Today’s post is based on the article “Mutual aid will help us survive the Biden presidency. Biden and Harris are not going to stop the crises we are facing — mutual aid projects are essential to survive and build the world we want to live in.” by Dean Spade, ROAR Magazine, November 20, 2020.
This title is about the misconception so many have in the wake of the Biden election. Although things will get better in some small and incremental ways, the real change needed is to reject the capitalist economy.
Many people are feeling great relief that Trump has been voted out and are rightly celebrating the efforts so many people have undertaken to make that happen. But even as we celebrate, we must ensure we do not demobilize, hoping that the new administration will take care of our problems. Unfortunately, we can be certain that the Biden/Harris administration will not address the crises and disasters of climate change, worsening wealth concentration and poverty, a deadly for-profit health care system and racist law enforcement.
We must continue the momentum that Black Lives Matter, No DAPL, Not 1 More Deportation, Abolish ICE and other campaigns have built exposing the utter failures of the Democratic party to oppose racism, war, the oil and gas industry, criminalization and wealth consolidation, and the necessity for bold direct action in the face of mounting crises. More than ever before, we need to organize and sustain mutual aid efforts, both to survive the crises we are facing and to build our movements for change.
The west coast of the US saw record-breaking wildfires that destroyed millions of acres and kept people breathing smoke for months on end. Ice shelf collapses in the Arctic and Antarctic suggested alarming new impacts of climate change. A record-breaking hurricane season is battering the Atlantic. Everywhere we look, we see signs that the systems we have been living under are collapsing, and something new must emerge if we are to survive.Mutual aid will help us survive the Biden presidency
People are scared and angry right now and trying to find ways to fight back and support each other. Building mutual aid projects is a way to plug people in to build shared understandings of current conditions, offer meaningful support to vulnerable people and prepare for the coming disasters.
Mutual aid work is not easy. It means forming lasting commitments to doing hard work collaborating with people even when we have conflict. And facing the heart-wrenching realities of the systems we live under.
It is also deeply satisfying work that transforms us from being exasperated passive observers of the shitstorm we’re living in to inspired builders of the new world we desperately crave.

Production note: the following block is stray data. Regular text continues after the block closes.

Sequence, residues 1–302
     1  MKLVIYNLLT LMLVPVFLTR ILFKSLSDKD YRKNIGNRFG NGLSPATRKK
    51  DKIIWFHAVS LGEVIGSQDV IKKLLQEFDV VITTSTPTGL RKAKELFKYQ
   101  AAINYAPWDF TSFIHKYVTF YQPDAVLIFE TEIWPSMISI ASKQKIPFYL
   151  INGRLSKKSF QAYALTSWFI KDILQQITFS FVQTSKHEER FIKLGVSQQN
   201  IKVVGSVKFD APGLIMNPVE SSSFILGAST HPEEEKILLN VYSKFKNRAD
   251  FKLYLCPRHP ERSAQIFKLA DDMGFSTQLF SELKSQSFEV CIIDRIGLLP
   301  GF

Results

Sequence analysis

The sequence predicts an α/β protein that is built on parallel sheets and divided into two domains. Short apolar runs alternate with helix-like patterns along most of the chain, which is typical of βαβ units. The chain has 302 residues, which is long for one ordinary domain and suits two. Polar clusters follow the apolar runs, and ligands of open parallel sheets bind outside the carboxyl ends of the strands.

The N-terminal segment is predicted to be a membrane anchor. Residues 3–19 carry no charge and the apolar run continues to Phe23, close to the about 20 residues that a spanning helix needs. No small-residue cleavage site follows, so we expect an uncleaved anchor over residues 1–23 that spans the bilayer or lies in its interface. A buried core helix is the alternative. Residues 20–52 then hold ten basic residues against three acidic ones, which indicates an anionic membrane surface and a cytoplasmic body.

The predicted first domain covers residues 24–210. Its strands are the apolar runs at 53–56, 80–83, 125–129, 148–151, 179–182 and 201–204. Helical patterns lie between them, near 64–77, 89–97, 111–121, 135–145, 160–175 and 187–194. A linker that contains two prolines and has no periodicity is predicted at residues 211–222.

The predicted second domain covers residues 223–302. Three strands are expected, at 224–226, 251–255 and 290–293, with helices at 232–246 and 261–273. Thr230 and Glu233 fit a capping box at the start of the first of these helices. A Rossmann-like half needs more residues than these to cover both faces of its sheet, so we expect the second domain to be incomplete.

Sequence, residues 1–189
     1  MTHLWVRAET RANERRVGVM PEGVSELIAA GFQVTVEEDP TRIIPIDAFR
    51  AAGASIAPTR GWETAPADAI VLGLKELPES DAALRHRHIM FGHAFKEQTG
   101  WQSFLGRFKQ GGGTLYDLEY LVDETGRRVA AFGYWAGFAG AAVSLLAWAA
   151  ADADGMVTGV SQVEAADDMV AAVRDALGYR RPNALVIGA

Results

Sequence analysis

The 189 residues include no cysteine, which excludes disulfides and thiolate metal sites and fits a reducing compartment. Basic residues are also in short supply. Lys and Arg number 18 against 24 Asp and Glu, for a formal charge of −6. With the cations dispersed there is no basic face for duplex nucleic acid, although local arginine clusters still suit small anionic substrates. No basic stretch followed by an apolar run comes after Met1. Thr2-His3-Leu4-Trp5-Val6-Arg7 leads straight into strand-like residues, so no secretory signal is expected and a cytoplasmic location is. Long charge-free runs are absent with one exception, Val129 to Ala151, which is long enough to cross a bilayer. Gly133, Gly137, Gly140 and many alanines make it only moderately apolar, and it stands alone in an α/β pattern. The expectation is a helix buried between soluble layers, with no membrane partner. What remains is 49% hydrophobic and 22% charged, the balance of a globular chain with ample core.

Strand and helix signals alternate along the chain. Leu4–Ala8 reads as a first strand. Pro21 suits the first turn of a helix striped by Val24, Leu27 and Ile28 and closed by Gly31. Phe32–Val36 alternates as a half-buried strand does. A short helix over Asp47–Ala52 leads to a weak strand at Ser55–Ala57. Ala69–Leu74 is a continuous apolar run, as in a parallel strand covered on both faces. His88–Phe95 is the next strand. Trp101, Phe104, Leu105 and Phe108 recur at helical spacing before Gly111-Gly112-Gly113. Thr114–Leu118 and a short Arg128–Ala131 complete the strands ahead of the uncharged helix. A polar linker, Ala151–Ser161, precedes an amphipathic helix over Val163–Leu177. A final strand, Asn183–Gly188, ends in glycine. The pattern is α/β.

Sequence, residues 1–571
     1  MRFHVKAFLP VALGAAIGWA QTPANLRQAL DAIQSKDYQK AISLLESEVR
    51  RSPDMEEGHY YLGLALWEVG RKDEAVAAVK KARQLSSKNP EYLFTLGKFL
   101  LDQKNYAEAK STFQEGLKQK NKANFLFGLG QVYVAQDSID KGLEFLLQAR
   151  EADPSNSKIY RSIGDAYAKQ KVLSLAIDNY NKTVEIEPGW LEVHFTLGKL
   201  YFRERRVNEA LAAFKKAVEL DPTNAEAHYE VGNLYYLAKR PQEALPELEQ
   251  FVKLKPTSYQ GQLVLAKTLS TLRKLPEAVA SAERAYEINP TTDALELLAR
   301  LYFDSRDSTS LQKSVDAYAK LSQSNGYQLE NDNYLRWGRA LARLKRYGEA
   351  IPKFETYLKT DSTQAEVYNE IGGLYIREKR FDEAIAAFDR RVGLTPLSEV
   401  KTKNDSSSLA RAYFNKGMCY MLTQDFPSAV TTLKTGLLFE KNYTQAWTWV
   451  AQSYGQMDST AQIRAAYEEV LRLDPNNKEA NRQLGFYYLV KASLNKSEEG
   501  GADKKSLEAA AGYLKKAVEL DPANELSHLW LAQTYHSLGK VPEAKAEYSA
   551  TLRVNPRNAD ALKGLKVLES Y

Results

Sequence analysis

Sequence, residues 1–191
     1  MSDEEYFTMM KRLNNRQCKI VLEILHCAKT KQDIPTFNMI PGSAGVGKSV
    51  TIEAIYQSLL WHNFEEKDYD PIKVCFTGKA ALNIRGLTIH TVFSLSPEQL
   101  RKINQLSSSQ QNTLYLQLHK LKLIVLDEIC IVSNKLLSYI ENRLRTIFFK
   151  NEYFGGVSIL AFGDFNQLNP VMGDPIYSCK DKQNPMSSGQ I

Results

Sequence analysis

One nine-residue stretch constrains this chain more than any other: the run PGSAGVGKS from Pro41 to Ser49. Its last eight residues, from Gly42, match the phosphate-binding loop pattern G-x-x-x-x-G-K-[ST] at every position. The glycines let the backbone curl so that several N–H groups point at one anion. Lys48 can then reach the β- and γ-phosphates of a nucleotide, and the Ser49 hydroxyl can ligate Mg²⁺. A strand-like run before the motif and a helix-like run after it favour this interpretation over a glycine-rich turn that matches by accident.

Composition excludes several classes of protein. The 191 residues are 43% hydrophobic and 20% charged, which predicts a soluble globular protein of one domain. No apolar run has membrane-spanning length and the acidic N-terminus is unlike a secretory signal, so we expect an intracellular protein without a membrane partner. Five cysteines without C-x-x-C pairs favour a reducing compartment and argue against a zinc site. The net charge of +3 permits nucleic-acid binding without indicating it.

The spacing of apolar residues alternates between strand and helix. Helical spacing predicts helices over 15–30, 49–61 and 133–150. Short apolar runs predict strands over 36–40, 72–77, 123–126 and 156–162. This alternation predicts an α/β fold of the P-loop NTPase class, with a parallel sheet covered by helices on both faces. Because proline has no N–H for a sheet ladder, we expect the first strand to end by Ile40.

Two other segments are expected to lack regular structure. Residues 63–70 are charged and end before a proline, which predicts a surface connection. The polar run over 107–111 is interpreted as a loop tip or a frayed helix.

Stop believing in authority and start believing in each other.
We’re all we’ve got, we’re all we need.Transcript from the video below: We’re All We’ve Got, We’re All We Need: A Mutual Aid Explainer
As we move to a new presidential administration, the work of building mutual aid infrastructure in our communities remains as urgent as ever. There are no signs that Biden and Harris are going to stop the crises we are facing. There are abundant signs that we must be ready to support ourselves and each other, not only from the coming storms, floods, fires, evictions, power outages and austerity packages, but also from the cops and soldiers they will continue to send to put down our resistance.
We have no choice but to fight together for our shared survival in these dire times. Mutual aid projects are where we build that fight while building the world we want to live in, where everyone has everything they need. The only way to win is through collective action and massive participation and 2020 has given us many small glimmers of what that might look like. Now it is time to double down on caring for each other.Mutual aid will help us survive the Biden presidency
Mutual aid projects depart from these norms of charity, social services and non-profitization in several key ways that often include:
- An understanding that it is the system, not the people suffering under it, that creates poverty, crisis, and vulnerability
- Governance/control by people who are most effected (can mean having a membership base of those most effected, or being formed in ways that ensure those providing the aid are from the same group as those giving the aid, or models that allow allies to participate but focus on accountability to those being served)
- Transparency about how they work, any money they use or manage (many mutual aid projects are not funded and are all volunteer run)
- Open meetings and pathways for new people to join and participate
- Political education within the organization to help those working in the project to expand their awareness of experiences that are not their own, to build solidarity, and to make the project supportive and welcoming to marginalized people
- Humility and willingness to accept feedback about how to make the project more useful to the people it serves
- Long-term commitment to provide the aid the project works on
- Connection to and solidarity with other mutual aid projects and other transformative work
- Commitment to dignity and self-determination of people in need or crisis
- Consensus-based decision making rather than majority rule
Dean Spade is the creator of the mutual aid toolkit at BigDoorBrigade.com. His latest book, Mutual Aid: Building Solidarity During This Crisis (and the Next), was published by Verso Books in October 2020. And he helped